Masao Maruyama/MAPPA Q&A
by Justin Sevakis,
Masao Maruyama, best known as the founder of Madhouse, hosted a panel on his own career and his new studio MAPPA, which recently saw the broadcast premiere of its first project, Kids on the Slope. Maruyama is also a longtime supporter and regular guest of Otakon. He started the panel (assisted by a translator) by greeting the audience and briefly talking about his new studio and the series. He showed a clip from the series, as well as a commercial for Meiji Gummies candy that was also produced by the studio.
On the ending sequence for Kids on the Slope, Maruyama noted that "the odd air date for the show was decided a long time ago, but the music composition kept getting pushed later and later, and so we had to animate it without hearing the music at all. We were worried it wouldn't come together. Usually with anime, the same staff does the opening and ending sequences, but in this case the staff was too busy with the first episode, so we had to bring in completely new staff for those. It's not something you see with anime very often. It went so well because we had really great people working on it." He likened the opening and ending to the cover of a magazine, in that they're designed to draw in an audience.
With that, the floor was opened up for questions. First question, what's the possibility of animating the manga Pluto? "That's actually one of the things I'd really like to animate right now. But the problem is that the original work is very long -- it'd come to about 8 hour-long episodes. Which means we'd need a lot of money. Where will this money come from? Give me money!"
Is there any chance of a US release for The Tibetan Dog? "You are right in that I produced that animation, but unfortunately it's sold by my former company Madhouse, so I really don't know anything about that anymore. But one thing I can say that I'm fairly certain that if some American company wanted to release it, I don't think Madhouse would say no. Naoki Urasawa designed the characters for that film, and he usually only works on his own manga -- it was the first time he did anything for an anime, and I think it's unlikely to happen again." He went on to describe the story of the film, for those who were unfamiliar. "This film was developed as a co-production with China, before problems between China and Tibet arose. I love Tibet, and I love dogs, so I was really enthusiastic about this project. I took four trips to Tibet over the course of production, and that was really tough -- the altitude is very high up, so I got altitude sickness every time. That said, because we went so many times, we were really able to capture the essence of Tibet."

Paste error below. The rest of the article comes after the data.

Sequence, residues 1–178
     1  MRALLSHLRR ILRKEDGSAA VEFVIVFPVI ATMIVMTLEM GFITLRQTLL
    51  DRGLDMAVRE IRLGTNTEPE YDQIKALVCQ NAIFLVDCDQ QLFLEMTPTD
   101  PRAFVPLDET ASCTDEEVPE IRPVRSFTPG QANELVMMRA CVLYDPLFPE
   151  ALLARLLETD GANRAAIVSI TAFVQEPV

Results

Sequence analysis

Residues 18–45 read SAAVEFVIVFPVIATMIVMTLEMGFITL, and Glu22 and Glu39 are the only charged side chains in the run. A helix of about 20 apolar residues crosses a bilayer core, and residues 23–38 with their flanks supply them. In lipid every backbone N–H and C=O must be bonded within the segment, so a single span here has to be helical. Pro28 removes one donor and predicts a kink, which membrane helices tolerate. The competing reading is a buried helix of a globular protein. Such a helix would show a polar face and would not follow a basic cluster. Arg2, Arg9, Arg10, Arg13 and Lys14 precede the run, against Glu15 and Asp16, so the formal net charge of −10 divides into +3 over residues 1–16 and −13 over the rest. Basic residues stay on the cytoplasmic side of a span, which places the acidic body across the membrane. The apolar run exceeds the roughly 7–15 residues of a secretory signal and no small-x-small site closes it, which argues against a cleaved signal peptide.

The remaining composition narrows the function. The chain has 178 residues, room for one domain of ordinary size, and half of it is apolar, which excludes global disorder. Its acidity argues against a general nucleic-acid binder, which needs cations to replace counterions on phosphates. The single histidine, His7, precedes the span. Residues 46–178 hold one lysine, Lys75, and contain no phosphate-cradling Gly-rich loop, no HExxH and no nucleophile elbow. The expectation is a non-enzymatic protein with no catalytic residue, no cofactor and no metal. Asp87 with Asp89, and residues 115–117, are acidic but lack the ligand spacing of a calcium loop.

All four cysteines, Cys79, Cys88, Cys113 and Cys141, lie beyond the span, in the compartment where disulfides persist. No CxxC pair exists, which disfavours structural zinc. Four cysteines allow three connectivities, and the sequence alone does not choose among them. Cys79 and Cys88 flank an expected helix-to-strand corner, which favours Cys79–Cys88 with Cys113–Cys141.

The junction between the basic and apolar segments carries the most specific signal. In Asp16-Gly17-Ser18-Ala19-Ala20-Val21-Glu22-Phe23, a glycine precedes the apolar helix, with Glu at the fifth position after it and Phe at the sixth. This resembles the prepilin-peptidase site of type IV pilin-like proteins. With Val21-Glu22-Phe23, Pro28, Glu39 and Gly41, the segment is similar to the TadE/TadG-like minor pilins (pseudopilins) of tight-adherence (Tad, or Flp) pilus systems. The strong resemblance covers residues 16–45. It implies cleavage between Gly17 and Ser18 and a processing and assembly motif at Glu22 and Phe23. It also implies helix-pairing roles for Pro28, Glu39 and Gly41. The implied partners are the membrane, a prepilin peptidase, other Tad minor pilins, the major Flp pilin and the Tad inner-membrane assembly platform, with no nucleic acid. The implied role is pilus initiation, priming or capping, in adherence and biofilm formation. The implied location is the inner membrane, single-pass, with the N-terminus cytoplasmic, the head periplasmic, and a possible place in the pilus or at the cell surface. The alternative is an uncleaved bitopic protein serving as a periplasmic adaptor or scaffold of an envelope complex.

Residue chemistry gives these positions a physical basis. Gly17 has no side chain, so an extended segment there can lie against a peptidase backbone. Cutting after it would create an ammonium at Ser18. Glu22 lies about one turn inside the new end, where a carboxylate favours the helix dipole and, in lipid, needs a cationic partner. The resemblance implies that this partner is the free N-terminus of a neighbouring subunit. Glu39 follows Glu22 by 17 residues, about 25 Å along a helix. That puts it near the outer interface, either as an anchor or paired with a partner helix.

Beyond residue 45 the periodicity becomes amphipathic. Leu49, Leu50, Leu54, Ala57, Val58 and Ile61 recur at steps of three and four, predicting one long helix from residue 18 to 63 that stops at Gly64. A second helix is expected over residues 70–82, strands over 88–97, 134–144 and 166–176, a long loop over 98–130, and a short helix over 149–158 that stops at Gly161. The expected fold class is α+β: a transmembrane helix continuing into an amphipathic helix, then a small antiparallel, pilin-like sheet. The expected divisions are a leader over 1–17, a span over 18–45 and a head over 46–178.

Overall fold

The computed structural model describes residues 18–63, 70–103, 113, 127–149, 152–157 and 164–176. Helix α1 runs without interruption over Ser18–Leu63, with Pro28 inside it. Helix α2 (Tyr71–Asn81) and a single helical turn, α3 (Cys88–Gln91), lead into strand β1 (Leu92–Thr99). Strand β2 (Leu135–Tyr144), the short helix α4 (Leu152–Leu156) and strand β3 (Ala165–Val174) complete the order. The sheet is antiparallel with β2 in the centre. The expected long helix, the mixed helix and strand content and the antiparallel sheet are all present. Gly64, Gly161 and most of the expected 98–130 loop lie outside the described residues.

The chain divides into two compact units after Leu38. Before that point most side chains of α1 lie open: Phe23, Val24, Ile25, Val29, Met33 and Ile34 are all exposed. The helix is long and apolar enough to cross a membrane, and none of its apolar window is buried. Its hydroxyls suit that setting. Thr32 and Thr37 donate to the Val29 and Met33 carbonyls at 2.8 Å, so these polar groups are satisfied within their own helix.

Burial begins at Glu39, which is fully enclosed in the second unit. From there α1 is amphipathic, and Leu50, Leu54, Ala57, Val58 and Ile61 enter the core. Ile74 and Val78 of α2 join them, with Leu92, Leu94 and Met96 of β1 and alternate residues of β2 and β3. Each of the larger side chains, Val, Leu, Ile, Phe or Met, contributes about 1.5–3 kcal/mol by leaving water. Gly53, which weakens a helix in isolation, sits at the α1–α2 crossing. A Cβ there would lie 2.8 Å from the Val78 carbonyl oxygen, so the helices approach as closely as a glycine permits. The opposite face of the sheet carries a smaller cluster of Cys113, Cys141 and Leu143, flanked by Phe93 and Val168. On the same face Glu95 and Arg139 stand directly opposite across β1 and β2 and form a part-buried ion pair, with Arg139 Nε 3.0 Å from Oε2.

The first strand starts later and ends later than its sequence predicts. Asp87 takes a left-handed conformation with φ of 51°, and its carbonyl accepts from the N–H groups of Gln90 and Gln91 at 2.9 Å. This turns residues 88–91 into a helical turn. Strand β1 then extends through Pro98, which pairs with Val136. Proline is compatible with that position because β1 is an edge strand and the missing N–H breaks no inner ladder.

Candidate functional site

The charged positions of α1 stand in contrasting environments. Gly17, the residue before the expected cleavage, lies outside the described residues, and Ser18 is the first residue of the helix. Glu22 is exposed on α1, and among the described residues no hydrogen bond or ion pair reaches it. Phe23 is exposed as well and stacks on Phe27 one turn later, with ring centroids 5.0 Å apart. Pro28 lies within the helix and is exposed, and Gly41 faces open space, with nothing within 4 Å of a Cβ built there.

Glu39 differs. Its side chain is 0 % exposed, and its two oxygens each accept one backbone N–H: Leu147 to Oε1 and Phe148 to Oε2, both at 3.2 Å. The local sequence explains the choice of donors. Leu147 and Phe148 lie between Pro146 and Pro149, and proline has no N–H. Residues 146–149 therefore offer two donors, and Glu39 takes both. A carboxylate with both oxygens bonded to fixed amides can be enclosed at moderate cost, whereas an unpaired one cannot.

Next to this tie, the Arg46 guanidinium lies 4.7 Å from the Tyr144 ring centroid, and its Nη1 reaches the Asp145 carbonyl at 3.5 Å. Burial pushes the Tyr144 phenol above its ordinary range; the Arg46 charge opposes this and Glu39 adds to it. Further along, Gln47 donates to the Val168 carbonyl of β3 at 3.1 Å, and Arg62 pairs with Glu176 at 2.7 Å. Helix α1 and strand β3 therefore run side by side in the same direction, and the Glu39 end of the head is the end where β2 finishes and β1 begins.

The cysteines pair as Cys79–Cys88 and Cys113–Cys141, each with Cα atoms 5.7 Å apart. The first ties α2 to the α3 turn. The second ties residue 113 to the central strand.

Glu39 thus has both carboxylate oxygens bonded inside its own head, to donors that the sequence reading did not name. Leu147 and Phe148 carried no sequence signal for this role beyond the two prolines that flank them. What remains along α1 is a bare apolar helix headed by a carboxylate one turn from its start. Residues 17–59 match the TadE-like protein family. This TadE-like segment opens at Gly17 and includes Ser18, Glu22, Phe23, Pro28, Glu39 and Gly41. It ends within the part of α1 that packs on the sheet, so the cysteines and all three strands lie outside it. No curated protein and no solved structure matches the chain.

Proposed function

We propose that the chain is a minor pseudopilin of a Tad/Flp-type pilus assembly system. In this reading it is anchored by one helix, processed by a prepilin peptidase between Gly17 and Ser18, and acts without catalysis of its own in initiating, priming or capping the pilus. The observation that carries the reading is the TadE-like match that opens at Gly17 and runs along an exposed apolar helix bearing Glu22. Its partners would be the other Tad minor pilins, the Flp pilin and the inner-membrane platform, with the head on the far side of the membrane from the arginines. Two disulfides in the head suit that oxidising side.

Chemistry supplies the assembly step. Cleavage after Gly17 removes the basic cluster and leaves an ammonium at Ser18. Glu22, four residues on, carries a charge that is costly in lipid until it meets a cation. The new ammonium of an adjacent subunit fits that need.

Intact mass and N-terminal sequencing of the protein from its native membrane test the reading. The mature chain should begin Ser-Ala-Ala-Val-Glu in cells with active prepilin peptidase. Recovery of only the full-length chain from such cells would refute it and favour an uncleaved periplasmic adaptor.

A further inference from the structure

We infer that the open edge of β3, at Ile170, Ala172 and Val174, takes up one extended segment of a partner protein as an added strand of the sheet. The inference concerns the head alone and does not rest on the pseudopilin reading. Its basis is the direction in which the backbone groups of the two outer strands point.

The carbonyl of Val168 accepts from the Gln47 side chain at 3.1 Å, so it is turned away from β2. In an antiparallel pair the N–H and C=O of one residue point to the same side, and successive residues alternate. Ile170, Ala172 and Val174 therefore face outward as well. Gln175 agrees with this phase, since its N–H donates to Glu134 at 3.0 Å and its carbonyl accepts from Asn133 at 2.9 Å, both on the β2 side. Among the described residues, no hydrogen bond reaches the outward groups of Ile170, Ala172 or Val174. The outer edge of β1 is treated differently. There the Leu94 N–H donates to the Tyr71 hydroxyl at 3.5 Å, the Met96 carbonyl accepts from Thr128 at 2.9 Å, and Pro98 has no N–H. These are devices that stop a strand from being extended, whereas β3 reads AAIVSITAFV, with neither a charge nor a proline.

How did director Shinichiro Watanabe become involved with Kids on the Slope? "I was working with Watanabe from back in the Madhouse days. Unfortunately there were about three years where nobody got to see his work -- his projects always got stopped at the planning stages. So when I got Kids on the Slope, I handed him the manga and said, 'here. You're doing this.' At Madhouse we had developed a feature -- it was already scripted and ready to go, but then I left the company and the project fell through, so I gave him this as something to do. I really think he's one of the top directors in Japan, one of the top 5. That's why I wanted to create a theatrical animation with him. Up until this project, he'd only worked on original projects, so this was his first adaptation from a manga, and as a result, he didn't really know how faithful he had to be, or if he had room to adapt, so he put up a lot of resistance at first.
"Mr. Watanabe loves music, and has a lot of deep thoughts on the music. So I told him that it was a jazz anime, and that he was likely the only director that could pull it off. That convinced him. Then Yoko Kanno said, 'if Watanabe is working on this, I'd like to work on it too,' and so that's how that show came to be."
The animation of musicians in the show is very realistic. What sort of research did the animators have to do? "About half of the time, work and money for this project went into all of those musical performances. Back when I was at Madhouse, I actually worked on a lot of musical animation, such as Beck and Piano no Mori, so I had some confidence going into it, but the jazz performance turned out to be a huge challenge -- especially the drummer animation. We found an 18 or 19 year old drummer, who has since debuted, who we had in the studio all the time, as well as Mr. Matsunaga the famous pianist. We based the animation on pictures and video of his performances. Just creating the level of movement required would've been twice as much work as normal animation. But matching the music, we had to study each note and match it perfectly. It was a lot of work and took a lot of money.